Interestingly, none of the sites credit the author, nor could we find any way to officially license the image.
Despite the strong language, Frank tells us that he has no intention to pay. And he’s not the only one. The letters have been described as an “extortion scam” by some, and others note that the legal threat may not be as imminent as it seems.
That said, it’s no surprise if many of the recipients choose to pay the license fee (as this woman did), if only to get rid of the looming threat of things getting worse.
While not everyone agrees with the tactics, the scheme certainly is a wake-up call that people should not randomly use images they find online. Many creators who struggle dealing with copyright infringing also see it as a useful service.
TorrentFreak also spoke to Pixsy which informs us that they “fight image theft” with the help of 26 different legal partners across the world. They stress that their service doesn’t target all websites randomly. They pick selected targets which seem to be professional businesses, major publications, or government agencies.
In Frank’s case, the professional business was a blog that was set up a few months ago, offering a certain service. Not a typical company, but Pixsy presumably saw it as a legitimate target.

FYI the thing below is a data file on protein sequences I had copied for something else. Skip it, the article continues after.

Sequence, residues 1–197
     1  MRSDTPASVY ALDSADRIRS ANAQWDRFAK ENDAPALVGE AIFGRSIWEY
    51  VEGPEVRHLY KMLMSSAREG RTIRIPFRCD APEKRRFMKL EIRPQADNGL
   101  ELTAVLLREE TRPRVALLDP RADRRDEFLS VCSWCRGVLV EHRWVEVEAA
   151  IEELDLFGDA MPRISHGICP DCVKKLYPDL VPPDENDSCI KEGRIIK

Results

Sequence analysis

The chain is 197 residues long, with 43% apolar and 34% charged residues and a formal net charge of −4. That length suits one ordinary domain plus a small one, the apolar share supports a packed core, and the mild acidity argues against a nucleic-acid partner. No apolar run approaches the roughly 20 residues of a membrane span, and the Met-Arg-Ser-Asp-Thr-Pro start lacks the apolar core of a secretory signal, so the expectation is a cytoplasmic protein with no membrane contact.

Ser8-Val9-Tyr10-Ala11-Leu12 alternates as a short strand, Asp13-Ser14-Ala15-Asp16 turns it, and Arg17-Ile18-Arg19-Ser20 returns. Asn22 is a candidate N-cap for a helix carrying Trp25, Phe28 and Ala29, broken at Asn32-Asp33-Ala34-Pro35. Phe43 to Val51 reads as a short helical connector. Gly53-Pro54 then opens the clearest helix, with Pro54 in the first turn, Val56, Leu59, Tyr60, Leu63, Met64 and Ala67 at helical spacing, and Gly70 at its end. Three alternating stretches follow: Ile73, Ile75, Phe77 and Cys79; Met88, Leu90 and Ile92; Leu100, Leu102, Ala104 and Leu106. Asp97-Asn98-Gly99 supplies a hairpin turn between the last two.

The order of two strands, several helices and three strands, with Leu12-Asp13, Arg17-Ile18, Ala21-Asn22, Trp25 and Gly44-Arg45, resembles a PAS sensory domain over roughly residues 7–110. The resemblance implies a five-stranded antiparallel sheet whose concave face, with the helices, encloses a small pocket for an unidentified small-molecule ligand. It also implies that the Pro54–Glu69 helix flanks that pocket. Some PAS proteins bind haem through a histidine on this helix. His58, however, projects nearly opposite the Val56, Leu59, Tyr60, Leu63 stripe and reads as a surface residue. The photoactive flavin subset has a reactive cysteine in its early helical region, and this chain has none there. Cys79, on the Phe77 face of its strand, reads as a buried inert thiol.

Our source had no experience with creating websites and maintains that he had no clue that the image he used required a license. To avoid confusion, he urges search engines to make this more clear going forward. Most mention that images “may” be copyrighted, but a starker warning could be appropriate.
While Frank doesn’t deny that creators of photos and other images should be able to protect their rights, he’s no fan of Pixsy’s model.
“I think their email threats come across as a scam or extortion. Only after googling Pixsy I could see that other people have run into them and their methods, and most call them copyright trolls.
“I’ve not replied to their emails as I’m hoping they’ll go away to catch bigger fish than little old me,” Frank adds.
Talking about bigger fish – Pixsy recently offered help to catch one.
The company reached out to photographer Sean Heavey who is currently suing Netflix for the infringing use of a photo. While Heavey didn’t use Pixsy to find the infringing use, the company referred him to a legal partner, and is helping him to track other infringers through their service.
“I now believe all photographers need to have a service such as Pixsy as part of their normal business plan,” Heavey told Alpha Universe.
“We have taken action on not only the Netflix case but others as well — some of which I knew about and others I discovered while using the Pixsy platform,” he adds.
We’re pretty sure Netflix won’t be able to make that go away for $750…
Whether any infringements found through Pixsy have ever resulted in full-blown lawsuits is unknown. The company informs us that it can’t provide exact numbers on licensing requests and legal cases.
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Written by David Minister